In 3D computer graphics, the view frustum (also called viewing frustum) is the region of space in the modeled world that may appear on the screen; it is the field of view of a perspective virtual camera system.
The view frustum is typically obtained by taking a frustum—that is a truncation with parallel planes—of the pyramid of vision, which is the adaptation of (idealized) cone of vision that a camera or eye would have to the rectangular viewports typically used in computer graphics. Some authors use pyramid of vision as a synonym for view frustum itself, i.e. consider it truncated.
The exact shape of this region varies depending on what kind of camera lens is being simulated, but typically it is a frustum of a rectangular pyramid (hence the name). The planes that cut the frustum perpendicular to the viewing direction are called the near plane and the far plane. Objects closer to the camera than the near plane or beyond the far plane are not drawn. Sometimes, the far plane is placed infinitely far away from the camera so all objects within the frustum are drawn regardless of their distance from the camera.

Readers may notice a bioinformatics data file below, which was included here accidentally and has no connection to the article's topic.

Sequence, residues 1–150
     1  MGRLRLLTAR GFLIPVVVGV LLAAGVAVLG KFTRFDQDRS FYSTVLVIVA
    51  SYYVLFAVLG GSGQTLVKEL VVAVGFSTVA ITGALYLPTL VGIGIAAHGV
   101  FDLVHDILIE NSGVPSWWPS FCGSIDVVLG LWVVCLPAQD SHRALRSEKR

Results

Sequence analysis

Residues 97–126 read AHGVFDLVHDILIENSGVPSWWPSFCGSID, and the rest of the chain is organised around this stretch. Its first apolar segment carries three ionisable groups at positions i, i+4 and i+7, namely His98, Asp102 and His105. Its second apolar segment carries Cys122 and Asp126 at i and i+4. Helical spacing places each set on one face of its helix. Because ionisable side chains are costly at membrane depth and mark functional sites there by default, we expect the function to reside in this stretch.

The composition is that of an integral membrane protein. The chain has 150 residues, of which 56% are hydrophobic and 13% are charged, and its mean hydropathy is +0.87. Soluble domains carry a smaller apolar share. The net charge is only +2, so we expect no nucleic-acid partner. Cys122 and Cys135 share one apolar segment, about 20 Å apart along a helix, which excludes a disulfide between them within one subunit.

Viewing-frustum culling is the process of removing objects that lie completely outside the viewing frustum from the rendering process. Rendering these objects would be a waste of time since they are not directly visible. To make culling fast, it is usually done using bounding volumes surrounding the objects rather than the objects themselves.
The geometry is defined by a field of view angle (in the 'y' direction), as well as an aspect ratio. Further, a set of z-planes define the near and far bounds of the frustum. Together this information can be used to calculate a projection matrix for rendering transformation in a graphics pipeline.